Love it or hate it, the holiday shopping season is here. It’s time to forget the turkey and string up the tinsel. As chaotic as the season is for shoppers, retailers are really the ones scrambling to make sure everyone’s got something in their stocking. Here are some 2016 shopping trends.

Qualtrics surveyed 1,150 shoppers in the US, Australia, and the UK to uncover some timely tidbits about what makes their shopping season tick. For an infographic view, click here.

Ten Holiday Shopping Trends for 2016

  • Apple’s elves will be logging lots of overtime this season as the iPhone 7 is the top wished-for tech gift. But what’s wished for and what’s under the tree can be very different as most shoppers plan to give clothing and toys/games.
  • Men are 40% more likely than women to shop for gifts in late December which will come as no surprise to anyone who ever awoke to find a gas station refill mug from dad under the tree.
  • Analysts are predicting 2016 holiday sales to exceed $1 trillion. That’s an impressive total as it’s comprised of billions of individual transactions as 78% of consumers plan to spend less than $1,000 on gifts this holiday season.
  • Shoppers are adopting a Cold War “trust but verify” approach to shopping as 62% of consumers always or usually price check between online and in-person stores while holiday shopping.
  • Black Friday excitement seems to be waning as shoppers skip the mob to click the mouse: 56% of millennials did most of their holiday shopping online last year and 62% plan to do most of their holiday shopping online this year.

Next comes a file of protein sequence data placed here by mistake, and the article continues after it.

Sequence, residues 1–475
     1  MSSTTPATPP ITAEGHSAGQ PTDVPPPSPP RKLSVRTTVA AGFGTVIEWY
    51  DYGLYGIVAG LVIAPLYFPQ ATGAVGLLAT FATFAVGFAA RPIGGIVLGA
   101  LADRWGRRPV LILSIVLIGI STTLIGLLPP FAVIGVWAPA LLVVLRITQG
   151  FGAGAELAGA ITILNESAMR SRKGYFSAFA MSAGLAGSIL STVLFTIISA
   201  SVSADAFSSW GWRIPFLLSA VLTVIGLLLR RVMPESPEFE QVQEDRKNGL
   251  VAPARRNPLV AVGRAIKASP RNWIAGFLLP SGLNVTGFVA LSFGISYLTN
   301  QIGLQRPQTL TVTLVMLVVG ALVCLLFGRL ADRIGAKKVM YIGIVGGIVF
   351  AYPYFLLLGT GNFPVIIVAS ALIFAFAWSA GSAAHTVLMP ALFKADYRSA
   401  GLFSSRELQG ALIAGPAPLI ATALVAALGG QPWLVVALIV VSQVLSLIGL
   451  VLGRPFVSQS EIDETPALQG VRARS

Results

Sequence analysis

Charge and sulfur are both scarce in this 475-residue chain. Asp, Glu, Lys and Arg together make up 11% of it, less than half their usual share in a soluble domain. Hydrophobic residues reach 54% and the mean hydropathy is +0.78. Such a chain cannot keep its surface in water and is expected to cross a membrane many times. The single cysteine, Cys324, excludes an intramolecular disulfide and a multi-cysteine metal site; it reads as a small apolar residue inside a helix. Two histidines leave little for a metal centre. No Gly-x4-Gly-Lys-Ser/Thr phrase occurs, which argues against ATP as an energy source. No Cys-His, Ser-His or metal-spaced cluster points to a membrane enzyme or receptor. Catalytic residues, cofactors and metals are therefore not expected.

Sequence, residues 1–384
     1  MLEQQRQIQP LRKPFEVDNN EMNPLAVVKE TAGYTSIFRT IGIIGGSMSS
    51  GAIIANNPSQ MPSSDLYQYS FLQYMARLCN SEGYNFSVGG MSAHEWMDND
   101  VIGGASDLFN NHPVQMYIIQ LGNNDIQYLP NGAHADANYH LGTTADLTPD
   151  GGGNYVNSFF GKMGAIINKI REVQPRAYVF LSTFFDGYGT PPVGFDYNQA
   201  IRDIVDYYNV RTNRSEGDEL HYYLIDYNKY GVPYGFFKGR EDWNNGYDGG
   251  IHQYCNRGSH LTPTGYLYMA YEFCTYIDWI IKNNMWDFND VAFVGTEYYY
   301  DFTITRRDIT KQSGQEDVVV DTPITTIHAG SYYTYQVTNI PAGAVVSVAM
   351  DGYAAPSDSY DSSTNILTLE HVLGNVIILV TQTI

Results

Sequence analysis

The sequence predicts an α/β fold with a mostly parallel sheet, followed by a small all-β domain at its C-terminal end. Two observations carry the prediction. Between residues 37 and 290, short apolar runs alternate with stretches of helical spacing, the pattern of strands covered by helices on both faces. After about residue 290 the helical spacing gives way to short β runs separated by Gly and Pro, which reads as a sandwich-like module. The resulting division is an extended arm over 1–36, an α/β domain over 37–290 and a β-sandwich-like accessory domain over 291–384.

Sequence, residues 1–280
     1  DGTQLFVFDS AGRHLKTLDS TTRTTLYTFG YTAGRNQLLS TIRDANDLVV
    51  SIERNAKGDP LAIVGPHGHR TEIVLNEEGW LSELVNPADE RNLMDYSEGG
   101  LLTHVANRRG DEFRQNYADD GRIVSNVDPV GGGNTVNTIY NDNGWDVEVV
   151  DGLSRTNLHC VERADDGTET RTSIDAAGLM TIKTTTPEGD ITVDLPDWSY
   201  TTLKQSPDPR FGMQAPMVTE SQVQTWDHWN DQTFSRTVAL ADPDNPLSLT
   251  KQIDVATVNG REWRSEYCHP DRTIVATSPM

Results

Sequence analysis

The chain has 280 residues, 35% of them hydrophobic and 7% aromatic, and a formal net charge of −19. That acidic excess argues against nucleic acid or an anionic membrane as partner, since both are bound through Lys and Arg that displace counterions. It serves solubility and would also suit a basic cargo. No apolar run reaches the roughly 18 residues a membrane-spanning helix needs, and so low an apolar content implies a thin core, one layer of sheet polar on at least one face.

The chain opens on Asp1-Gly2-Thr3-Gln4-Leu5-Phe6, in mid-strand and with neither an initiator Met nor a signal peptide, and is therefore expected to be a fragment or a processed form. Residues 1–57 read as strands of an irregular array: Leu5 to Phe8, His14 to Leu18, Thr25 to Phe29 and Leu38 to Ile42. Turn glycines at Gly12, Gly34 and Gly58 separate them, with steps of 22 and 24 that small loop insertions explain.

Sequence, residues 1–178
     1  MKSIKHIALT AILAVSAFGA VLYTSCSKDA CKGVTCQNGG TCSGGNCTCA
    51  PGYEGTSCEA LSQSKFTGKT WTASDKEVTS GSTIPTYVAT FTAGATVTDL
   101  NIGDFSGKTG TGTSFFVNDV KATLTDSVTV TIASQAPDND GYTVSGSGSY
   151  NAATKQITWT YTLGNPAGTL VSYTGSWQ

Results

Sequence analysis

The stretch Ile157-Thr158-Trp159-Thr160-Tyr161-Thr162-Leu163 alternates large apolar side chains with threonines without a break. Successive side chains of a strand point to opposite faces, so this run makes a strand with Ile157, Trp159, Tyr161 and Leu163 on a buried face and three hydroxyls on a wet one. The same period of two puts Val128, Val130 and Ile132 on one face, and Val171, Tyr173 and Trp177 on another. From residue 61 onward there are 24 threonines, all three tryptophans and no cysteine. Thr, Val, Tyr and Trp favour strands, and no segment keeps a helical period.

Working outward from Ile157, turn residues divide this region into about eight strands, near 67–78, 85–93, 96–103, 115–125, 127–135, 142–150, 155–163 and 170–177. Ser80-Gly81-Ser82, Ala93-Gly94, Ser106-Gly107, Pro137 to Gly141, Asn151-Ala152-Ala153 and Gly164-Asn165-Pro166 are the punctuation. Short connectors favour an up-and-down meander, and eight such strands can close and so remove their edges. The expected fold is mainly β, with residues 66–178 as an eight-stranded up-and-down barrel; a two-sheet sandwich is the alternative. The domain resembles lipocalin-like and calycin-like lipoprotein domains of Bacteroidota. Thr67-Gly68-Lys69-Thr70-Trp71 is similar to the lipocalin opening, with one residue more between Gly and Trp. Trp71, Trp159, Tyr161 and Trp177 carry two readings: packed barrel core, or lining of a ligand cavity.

• High holiday rollers like to go bigger. Big holiday spenders (over $3,000) are nearly 3x more likely than budget holiday spenders (under $1,000) to say they plan to spend more this season compared to last year.
  • Are you experienced? Many holiday gift recipients are, because they’re getting an experience as a gift: 73% of holiday shopping budgets will go towards buying products while 27% of budgets will go towards buying experiences.
  • What do advice and holiday gifts have in common? 88% of consumers would rather give than receive.
  • Millennials might resist being tagged as “entitled,” but they still like to see holiday presents with their name on the tag. Millennials are 50% more likely than their parents to say it’s better to receive than to give.
  • In a bold statement against Christmas creep, 41% of consumers say stores shouldn’t open on Thanksgiving.

Study Methodology
Shopping trends study conducted in October 2016. More than 1,150 global respondents. The sample is matched to the population distribution of age and has a margin of error of +/- 2.9% at the 95% confidence interval.